Poisonous Spiders

Poisonous Spiders

Poisonous spiders are sometimes divided into four broad categories, but there are no exact criteria for each group and it is not considered an exact scientific way of categorizing poisonous spiders.

  • Group one: Extremely dangerous poisonous spiders

In this group you will find poisonous spiders capable of killing even adult persons with no underlying health problems. Fortunately enough, antivenom is today available for many spider species from this category. If the bitten person receives medical attention, it is also possible to lower the risk by treating the symptoms even when no antivenom exists. Examples of extremely dangerous poisonous spiders are the Brazilian wandering spider species and the Australian venomous funnel-web spider species.

  • Group two: Very dangerous poisonous spiders

In this group you will find poisonous spiders that can cause death or severe injuries in persons who are extra sensitive. The venom of very dangerous poisonous spiders is dangerous for children, the elderly, and people with underlying health problems, especially if the bitten person does not receive medical attention.

  • Group three: Dangerous poisonous spiders

The poisonous spiders in this group will rarely cause death, but the venom is still potent enough to cause significant reactions. Generally speaking, few or no deaths have been reported. The reactions can be local as well as systemic. Medical attention is still recommended, especially for risk groups. Medical treatment can also limit the unpleasant symptoms.

  • Group four: Painful poisonous spiders

A bite from a poisonous spider in this group will typically cause pain and sometimes swelling and itching around the bitten area. Medical attention is usually not required, unless you are already seriously ill, have an allergic reaction to the venom or suffer from prolonged symptoms.

One example of an extremely dangerous poisonous spider is the Sydney funnel-web spider, Atrax robustus. This is a comparatively aggressive species that will not hesitate to attack if it feels threatened by a human. It is important to remember that this poisonous spider can deliver several bites in a row when agitated. Its native range is limited to a comparatively small region around Sydney in Australia. The Sydney funnel-web spider is often found nesting under houses and other man made buildings, which naturally increase the risk of human encounters.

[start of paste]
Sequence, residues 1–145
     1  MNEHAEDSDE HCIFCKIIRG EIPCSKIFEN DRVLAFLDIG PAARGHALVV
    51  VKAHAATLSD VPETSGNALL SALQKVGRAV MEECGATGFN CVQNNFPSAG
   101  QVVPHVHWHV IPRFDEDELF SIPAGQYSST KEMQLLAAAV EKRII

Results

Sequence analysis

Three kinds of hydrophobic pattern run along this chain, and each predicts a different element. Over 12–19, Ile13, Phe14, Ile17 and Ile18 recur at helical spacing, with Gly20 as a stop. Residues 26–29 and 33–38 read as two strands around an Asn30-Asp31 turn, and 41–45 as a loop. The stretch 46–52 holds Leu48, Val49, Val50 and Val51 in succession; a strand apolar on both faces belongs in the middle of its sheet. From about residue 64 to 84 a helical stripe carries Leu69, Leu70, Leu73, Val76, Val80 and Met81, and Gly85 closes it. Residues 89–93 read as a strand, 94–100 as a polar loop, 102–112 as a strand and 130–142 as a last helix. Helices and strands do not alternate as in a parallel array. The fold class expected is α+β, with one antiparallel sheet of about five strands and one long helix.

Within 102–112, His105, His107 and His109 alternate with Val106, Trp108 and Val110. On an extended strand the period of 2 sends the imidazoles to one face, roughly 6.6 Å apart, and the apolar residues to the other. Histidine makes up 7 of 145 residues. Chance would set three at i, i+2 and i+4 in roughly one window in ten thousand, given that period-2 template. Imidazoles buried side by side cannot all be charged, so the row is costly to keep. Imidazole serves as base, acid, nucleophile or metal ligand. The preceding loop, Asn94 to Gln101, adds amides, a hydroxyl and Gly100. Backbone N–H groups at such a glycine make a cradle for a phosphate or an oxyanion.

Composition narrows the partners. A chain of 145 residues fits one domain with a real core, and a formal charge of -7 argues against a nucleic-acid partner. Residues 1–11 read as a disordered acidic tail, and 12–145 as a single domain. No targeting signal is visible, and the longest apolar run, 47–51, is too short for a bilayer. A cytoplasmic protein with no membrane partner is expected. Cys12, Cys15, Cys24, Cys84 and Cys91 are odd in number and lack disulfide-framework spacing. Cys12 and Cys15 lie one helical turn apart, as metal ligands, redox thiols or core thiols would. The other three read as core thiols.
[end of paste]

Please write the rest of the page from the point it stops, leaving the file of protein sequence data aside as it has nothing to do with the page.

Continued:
The Sydney funnel-web spider has a venom that contains robustotoxin, a toxin highly dangerous to primates - humans included. The venom will open up sodium channels in the body. Interestingly enough, the venom seems to be less dangerous to cats, dogs and other non-primates. Cats and dogs are renowned for being able to neutralise venom from this poisonous spider within 30 minutes. This can be compared humans, where death has been reported within 15 minutes in a small child.

The term poisonous spider is not really correct, since there is a difference between venomous and poisonous. A poisonous animal or plant is harmful when ingested, while a venomous animal or plant will cause harm by injecting venom into another organism. Since most spiders will not cause unpleasant symptoms if ingested, they are not really poisonous. There is however several examples of spiders that are in fact venomous as well as poisonous spiders, since they can cause discomfort in an organism when ingested.


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